|Founder||Jorge Batista, Victor Marrero, Cesar A. Perales|
|Focus||Using law, advocacy and education to protect opportunities for all Latinos to succeed|
|Origins||Puerto Rican Legal Defense and Education Fund|
|Juan Cartagena, President & General Counsel|
|Slogan||LatinoJustice PRLDEF champions an equitable society|
LatinoJustice PRLDEF, long known by its former name the Puerto Rican Legal Defense and Education Fund, is a New York-based national civil rights organization with the goal of changing discriminatory practices via advocacy and litigation. Privately funded, nonprofit and nonpartisan, it is part of the umbrella Leadership Conference on Civil and Human Rights.
The Puerto Rican Legal Defense and Education Fund was founded in 1972 by three lawyers, one of whom, Cesar A. Perales, became the president of the group for much of its history. PRLDEF played a key role in the installation of bilingual education in New York City schools, and soon became the most important legal advocacy group for Puerto Ricans in the U.S. mainland. The group became known for the part it played in redistricting battles, for its opposition to civil service exams it thought discriminatory, and for its attempts to combat anti-Latino sentiment especially as arising from the debate over immigration to the U.S. It changed its name to the current one in 2008 in order to reflect demographic shifts in the Latino population in New York and elsewhere.
Origins and the 1970s
The Puerto Rican Legal Defense and Education Fund was founded in 1972 as a non-profit organization by three lawyers, Jorge Batista, Victor Marrero, and Cesar A. Perales, with Perales the fund's first president. It was created as a privately funded, nonprofit and nonpartisan organization with the goal of changing discriminatory practices via advocacy and litigation. It was inspired in form and purpose by the high-profile NAACP Legal Defense and Educational Fund, which Thurgood Marshall had established in 1957. PRLDEF (pronounced "pearl-deaf") had $300,000 of initial funding from foundations, government sources, and private corporations. U.S. House of Representatives member Herman Badillo was on its first Board of Directors, and at the fund's initial press conference he said, "There is plenty of room for change in our society, and much can be done through the medium of class actions." The organization soon grew to have a Litigation Division, a Pro Bono Cooperating Counsel Division, and an Education Division. A typical staffer was a young, idealistic attorney from a premier law school.
The fund's first lawsuit was filed on behalf of the Hispanic educational improvement organization ASPIRA in an action against the New York City Board of Education. It led to the August 1974 ASPIRA Consent Decree, which established the right of city public school students with limited English proficiency to receive bilingual education. The decree was a key factor in bilingual education spreading throughout the city school system. It also brought about the publication of some federal and state forms in Spanish as well as English. By the late 1970s, PRLDEF had become the nation's most important legal advocacy group for Puerto Ricans in the mainland.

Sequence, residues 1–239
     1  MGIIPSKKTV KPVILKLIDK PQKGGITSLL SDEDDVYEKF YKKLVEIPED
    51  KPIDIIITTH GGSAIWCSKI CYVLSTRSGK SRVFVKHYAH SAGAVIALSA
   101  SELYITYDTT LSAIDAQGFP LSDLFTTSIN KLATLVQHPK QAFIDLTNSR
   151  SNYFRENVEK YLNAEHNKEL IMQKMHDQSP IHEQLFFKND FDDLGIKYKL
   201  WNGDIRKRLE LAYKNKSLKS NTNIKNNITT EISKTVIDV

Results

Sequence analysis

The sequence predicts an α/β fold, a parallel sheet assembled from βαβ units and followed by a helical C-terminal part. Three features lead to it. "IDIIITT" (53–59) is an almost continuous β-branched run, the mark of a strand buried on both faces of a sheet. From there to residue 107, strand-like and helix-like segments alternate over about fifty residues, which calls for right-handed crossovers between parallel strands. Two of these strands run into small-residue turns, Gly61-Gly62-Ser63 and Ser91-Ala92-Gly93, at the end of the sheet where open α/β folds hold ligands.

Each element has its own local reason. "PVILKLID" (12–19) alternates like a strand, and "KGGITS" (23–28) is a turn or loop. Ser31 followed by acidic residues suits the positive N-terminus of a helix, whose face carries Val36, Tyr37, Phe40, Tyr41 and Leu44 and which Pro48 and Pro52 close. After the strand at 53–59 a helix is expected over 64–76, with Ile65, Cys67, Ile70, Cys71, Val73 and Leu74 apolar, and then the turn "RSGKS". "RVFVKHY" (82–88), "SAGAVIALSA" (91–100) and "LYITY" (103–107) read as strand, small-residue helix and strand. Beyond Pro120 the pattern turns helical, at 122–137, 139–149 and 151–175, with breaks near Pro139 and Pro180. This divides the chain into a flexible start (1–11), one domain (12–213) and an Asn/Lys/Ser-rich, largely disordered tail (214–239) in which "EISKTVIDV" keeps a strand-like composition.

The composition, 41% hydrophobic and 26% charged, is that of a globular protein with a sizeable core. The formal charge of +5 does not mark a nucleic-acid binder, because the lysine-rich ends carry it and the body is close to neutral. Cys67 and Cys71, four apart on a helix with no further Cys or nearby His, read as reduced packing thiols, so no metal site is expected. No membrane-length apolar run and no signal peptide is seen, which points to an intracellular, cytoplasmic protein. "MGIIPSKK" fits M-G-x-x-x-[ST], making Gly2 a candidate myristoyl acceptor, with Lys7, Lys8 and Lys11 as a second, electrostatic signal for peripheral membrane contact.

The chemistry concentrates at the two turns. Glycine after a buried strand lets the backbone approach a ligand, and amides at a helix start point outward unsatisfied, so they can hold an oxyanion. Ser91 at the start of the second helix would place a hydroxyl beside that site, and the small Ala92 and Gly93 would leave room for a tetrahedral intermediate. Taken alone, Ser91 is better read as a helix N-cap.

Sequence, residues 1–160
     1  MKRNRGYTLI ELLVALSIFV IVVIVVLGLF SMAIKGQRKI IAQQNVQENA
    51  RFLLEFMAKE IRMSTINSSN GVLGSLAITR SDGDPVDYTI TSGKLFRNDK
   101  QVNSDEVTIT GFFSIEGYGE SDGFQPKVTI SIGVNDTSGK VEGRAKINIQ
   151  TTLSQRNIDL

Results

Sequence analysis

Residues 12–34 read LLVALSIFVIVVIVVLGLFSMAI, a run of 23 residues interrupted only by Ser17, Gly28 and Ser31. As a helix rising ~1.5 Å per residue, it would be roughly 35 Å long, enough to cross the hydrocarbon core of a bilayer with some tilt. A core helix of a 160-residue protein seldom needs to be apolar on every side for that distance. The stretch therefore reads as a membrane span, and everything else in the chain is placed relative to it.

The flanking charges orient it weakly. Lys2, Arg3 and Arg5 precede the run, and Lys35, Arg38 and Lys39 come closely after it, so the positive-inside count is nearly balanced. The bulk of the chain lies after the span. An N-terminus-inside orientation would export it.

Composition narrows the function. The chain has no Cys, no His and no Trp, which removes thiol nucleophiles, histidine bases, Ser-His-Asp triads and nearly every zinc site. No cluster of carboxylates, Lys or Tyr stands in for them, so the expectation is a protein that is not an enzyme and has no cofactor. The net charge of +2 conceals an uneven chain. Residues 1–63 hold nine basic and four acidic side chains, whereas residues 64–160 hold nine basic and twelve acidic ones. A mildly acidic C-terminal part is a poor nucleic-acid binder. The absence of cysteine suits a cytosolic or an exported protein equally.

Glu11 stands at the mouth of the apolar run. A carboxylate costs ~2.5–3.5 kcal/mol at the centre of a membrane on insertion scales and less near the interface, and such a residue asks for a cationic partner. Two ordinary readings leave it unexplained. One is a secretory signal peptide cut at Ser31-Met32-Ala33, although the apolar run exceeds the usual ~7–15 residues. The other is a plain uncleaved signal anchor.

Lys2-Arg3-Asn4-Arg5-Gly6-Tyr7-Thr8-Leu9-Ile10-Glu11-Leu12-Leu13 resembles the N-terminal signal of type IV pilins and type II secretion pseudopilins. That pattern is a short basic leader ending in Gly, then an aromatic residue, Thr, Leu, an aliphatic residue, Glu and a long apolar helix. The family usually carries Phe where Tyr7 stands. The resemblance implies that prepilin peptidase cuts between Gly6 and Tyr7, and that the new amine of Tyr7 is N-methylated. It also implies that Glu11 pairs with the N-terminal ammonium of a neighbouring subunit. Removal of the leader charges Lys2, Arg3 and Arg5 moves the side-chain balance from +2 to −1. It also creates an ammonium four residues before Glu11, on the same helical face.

1980s and 1990s
In 1981, PRLDEF achieved its most visible early triumph when a federal court intervened to block a city Democratic Party primary election on the grounds that New York City Council boundaries diminished the power of minority voters. The council district lines were redrawn in consequence of the ruling. (A similar action was taken in 1991 to forestall a planned redrawing, and subsequent negotiations with the U.S. Justice Department resulted in changes to the redistricting.) Also in 1981, the fund began activity in opposition to reinstatement of the death penalty in New York State, with its board saying that "capital punishment is associated with evident racism in our society." The fund was also active in highlighting cases of police brutality.
During the 1980s, PRLDEF changed its focus somewhat, moving beyond traditional civil rights cases to address more economically focused issues such as wage disparities. A major target became civil service exams, which the fund believed were unfair to Latinos and other minority groups. In 1984, the fund sued the New York City Police Department, saying that its promotion exams discriminated against Latinos and African-Americans. The case was settled when the department agreed to promote an additional 100 black officers and 60 Latino officers to sergeant rank. The fund also filed separate suits against the New York City Fire Department and the New York City Department of Sanitation.
The fund actively opposed the 1987 Robert Bork Supreme Court nomination, "because of the threat he poses to the civil rights of the Latino community," and worked on joining anti-Bork coalitions. The same year, the fund teamed with community organizers ACORN on behalf of affordable housing for low-income Puerto Rican families in East New York. It also met with editors of the New York Daily News to complain about "negative images of Puerto Ricans presented by the News' staff," especially those coming from popular columnist Jimmy Breslin.